When it comes to treating patients with acute myocardial infarction, electronic health records have had a positive impact, despite a few minor drawbacks in implementing the technology, according to a recent report.
In the report, published online Oct. 20 in the American Heart Association journal “Circulation: Cardiovascular Quality and Outcomes,” researchers looked at data from the American Heart Association’s Get With the Guidelines ACTION Registry and an annual survey by the American Hospital Association. The study included 124,826 patients from 414 participating facilities.
Researchers found that in non-ST-segment-elevation myocardial infraction, there was a slightly lower adjusted risk of major bleeding and mortality among patients admitted to hospitals using full EHR systems. But for patients with ST-segment-elevation myocardial infraction, no differences in outcomes were discovered, according to the study. At the same time, use of EHR was linked to less heparin overdosing and slightly greater commitment to acute myocardial infraction guideline-recommended therapies. Patients were more likely to receive defect-free care when treated at hospitals with either partial or fully implemented EHRs than patients at hospitals without EHRs, the study found.
EHR use has expanded significantly in recent years, growing from 82.1% of hospitals in 2007 to 99.3% of hospitals in 2010, study authors noted. EHRs were a major part of healthcare reform, with national legislation in 2009 promoting their widespread use in US hospitals.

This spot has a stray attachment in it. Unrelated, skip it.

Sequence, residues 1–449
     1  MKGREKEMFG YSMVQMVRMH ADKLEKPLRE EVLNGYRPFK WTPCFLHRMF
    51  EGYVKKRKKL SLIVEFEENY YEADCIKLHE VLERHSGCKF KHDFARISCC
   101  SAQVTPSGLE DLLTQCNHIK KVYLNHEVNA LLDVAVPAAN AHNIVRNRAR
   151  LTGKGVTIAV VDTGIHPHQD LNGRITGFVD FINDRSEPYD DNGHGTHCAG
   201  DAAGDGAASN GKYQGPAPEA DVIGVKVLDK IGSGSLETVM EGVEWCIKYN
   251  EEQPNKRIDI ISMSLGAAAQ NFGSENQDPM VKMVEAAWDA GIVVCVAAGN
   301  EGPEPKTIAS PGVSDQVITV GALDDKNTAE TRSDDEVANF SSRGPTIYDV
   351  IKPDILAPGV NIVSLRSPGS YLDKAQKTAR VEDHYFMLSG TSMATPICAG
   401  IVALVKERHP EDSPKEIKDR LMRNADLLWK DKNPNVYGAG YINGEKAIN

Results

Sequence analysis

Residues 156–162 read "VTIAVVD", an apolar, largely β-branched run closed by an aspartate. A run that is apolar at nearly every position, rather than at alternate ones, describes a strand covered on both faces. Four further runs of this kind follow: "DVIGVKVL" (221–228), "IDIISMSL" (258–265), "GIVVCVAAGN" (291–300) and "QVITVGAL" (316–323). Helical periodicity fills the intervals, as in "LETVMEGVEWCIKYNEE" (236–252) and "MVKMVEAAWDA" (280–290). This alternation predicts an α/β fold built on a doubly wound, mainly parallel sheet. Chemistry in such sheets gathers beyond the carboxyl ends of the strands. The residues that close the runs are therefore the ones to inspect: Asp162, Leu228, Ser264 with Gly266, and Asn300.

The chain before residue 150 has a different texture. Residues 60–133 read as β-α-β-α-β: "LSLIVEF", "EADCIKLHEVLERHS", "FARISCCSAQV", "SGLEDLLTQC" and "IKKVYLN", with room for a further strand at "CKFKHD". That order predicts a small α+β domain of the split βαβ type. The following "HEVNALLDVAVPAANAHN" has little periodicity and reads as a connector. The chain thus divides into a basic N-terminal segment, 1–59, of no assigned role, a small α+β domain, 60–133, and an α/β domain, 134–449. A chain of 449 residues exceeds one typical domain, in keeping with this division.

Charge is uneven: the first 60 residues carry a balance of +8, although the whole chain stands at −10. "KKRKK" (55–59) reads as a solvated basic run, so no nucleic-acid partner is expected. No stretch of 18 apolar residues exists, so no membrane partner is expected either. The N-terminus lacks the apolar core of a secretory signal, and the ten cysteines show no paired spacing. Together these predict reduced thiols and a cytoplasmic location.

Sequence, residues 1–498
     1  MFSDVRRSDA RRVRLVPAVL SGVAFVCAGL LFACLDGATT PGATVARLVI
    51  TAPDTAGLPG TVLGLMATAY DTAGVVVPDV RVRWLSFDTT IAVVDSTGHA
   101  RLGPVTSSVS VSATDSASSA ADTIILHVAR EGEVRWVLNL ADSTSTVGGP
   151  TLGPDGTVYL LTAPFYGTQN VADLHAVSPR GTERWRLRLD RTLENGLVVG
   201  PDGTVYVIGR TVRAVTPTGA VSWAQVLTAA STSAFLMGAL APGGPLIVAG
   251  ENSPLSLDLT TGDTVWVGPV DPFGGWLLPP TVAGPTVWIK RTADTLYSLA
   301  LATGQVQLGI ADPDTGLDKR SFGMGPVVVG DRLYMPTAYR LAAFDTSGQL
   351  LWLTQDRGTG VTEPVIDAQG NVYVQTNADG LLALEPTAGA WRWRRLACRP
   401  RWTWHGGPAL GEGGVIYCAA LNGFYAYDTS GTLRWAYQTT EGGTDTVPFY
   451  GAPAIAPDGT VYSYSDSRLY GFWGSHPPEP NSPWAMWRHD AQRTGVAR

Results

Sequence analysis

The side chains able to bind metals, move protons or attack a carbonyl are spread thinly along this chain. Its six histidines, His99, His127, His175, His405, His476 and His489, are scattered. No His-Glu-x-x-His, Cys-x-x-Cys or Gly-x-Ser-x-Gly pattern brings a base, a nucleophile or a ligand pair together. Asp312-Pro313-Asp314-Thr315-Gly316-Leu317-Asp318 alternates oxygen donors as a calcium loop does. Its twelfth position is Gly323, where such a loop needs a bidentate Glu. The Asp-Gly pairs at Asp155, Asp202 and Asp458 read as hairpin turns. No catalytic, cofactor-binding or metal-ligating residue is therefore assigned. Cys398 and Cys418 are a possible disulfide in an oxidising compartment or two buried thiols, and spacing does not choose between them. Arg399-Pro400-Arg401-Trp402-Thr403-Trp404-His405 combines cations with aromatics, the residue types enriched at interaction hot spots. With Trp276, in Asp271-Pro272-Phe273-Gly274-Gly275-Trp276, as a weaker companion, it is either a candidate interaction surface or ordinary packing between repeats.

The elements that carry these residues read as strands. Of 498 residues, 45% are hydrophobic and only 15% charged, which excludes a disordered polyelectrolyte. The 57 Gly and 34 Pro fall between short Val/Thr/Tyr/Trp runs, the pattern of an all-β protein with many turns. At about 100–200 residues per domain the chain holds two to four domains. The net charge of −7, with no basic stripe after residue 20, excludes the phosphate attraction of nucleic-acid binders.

“EHR use was associated with some markers of patient safety, such as less frequent heparin overdosing, and slightly greater use of evidence-based therapies,” study authors wrote. “However, associations with adverse outcomes after MI were mixed. Further determination of the optimal methods of EHR utilization is likely needed to leverage more consistent gains across AMI quality of care and outcomes.”
Still, EHR use could contribute to a lower risk of AMI mortality risk because of their association with higher quality AMI care, including less heparin overdosing and patients receiving more evidence-based care, the study reported. Researchers pointed to previous investigations showing that every 10% increase in adherence to a composite of AMI core measures corresponded to a 10% reduction in in-hospital mortality but said those numbers only explained a small percentage in mortality variations. AMI outcomes also are tied to treatments that occur near the end or after hospitalization, such as discharge medication, smoking cessation counseling and cardiac rehab referral, according to the study.
“However, EHRs could still influence other elements of acute care for AMI and, thus, improve AMI outcomes,” the authors write. “It is also possible that unmeasured residual confounders, in part, may contribute to the observed differences in bleeding and mortality outcomes.”
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